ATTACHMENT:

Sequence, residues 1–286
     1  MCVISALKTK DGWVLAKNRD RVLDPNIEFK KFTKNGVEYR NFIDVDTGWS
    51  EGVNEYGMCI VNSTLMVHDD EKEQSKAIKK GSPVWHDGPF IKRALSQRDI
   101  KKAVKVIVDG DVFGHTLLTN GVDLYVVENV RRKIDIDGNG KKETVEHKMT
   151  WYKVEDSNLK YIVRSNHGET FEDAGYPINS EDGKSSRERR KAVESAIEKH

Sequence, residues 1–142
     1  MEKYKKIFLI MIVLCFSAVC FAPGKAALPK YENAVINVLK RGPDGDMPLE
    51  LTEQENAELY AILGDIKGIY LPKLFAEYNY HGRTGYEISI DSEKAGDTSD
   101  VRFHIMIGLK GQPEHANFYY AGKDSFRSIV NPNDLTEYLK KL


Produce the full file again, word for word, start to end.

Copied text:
Sequence, residues 1–286
     1  MCVISALKTK DGWVLAKNRD RVLDPNIEFK KFTKNGVEYR NFIDVDTGWS
    51  EGVNEYGMCI VNSTLMVHDD EKEQSKAIKK GSPVWHDGPF IKRALSQRDI
   101  KKAVKVIVDG DVFGHTLLTN GVDLYVVENV RRKIDIDGNG KKETVEHKMT
   151  WYKVEDSNLK YIVRSNHGET FEDAGYPINS EDGKSSRERR KAVESAIEKH

Sequence, residues 1–142
     1  MEKYKKIFLI MIVLCFSAVC FAPGKAALPK YENAVINVLK RGPDGDMPLE
    51  LTEQENAELY AILGDIKGIY LPKLFAEYNY HGRTGYEISI DSEKAGDTSD
   101  VRFHIMIGLK GQPEHANFYY AGKDSFRSIV NPNDLTEYLK KL